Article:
• Yes. Our programmed schedule of activities begins at 6:45 a.m. and continues until bedtime at 10 p.m. Teachers are with them continuously. Even at mealtime an instructor sits with the campers at each table. The front doors to the dormitory are kept locked or supervised. Each child is given a key to his/her individual room. Twelve rooms are grouped around a central lounge. Each section has an instructor/dorm counselor who looks after the youth and sees that lights are out and curfews are enforced. Boys and girls’ rooms are separated by floor and kept monitored. No one may leave the dormitory in the evening. Furthermore, Tennis & Life Camps is located in a safe, small college community with 24-hour presence by Gustavus campus security.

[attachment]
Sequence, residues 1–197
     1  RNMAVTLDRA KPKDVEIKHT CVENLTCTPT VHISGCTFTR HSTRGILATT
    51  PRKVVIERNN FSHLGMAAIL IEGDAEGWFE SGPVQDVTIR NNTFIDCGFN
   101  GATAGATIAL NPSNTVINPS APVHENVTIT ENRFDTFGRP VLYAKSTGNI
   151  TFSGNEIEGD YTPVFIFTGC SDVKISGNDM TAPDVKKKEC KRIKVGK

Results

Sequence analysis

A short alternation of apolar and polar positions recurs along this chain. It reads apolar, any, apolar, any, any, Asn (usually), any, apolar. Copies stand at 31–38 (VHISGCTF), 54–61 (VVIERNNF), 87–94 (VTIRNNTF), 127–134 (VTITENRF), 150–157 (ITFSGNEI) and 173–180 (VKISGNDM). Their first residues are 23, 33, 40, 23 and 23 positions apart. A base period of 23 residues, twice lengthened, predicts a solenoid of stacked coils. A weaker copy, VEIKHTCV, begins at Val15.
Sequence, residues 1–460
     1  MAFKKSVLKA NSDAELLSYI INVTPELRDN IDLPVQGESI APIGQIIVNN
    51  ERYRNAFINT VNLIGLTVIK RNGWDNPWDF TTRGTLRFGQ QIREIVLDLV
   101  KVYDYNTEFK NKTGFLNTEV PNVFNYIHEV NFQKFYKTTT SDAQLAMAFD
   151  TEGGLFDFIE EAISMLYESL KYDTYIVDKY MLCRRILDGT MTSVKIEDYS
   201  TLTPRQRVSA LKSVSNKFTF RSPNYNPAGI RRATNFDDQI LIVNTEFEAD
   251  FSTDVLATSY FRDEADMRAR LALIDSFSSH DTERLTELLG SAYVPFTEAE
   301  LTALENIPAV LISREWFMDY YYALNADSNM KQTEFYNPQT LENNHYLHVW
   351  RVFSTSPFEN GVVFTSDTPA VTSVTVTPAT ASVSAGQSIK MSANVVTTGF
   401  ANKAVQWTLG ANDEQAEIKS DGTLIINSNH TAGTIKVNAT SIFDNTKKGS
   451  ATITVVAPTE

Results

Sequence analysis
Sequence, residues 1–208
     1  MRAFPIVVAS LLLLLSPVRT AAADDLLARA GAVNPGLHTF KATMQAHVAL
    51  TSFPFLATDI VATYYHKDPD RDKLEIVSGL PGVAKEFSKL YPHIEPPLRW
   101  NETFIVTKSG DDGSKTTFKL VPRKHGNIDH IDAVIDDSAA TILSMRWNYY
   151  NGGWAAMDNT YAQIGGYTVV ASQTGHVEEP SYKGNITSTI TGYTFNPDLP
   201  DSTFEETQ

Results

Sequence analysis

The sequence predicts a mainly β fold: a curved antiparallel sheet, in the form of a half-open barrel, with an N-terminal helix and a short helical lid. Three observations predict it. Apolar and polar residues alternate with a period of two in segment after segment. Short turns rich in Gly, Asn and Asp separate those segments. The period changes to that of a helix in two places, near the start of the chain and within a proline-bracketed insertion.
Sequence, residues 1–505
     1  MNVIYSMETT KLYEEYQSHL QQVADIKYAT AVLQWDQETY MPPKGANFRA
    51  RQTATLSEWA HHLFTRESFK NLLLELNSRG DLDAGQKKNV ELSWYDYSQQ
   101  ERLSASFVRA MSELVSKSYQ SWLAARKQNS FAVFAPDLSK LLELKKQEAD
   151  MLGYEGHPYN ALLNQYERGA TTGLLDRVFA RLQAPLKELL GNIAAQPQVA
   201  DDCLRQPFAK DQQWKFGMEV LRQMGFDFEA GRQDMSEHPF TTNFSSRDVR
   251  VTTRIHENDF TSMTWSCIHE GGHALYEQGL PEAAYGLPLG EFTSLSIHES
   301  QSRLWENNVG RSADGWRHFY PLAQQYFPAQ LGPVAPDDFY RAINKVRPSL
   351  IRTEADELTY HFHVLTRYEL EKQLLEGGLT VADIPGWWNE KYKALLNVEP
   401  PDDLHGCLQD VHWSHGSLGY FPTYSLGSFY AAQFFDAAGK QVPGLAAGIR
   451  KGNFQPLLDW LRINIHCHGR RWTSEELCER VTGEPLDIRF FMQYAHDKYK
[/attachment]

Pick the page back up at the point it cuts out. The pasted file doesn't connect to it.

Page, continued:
In addition, campers must sign out after mandatory lessons for the day are finished and sign in to what they will do during free time (tennis drills, be back at the dorm, swimming, etc.).

    We have a staff member at the dorm roaming the floors during free time in case a camper has a need.  Campus safety also makes rounds of our dorms.  If a camper experiences a need, we ask them to go straight to their dorm counselor, an instructor, or office staff member to help them resolve their issue.

    No camper is allowed in another camper’s room without being invited.

    No campers are allowed under any circumstances in a dorm counselors room, and no staff member is allowed to enter a camper’s room unless it is an emergency.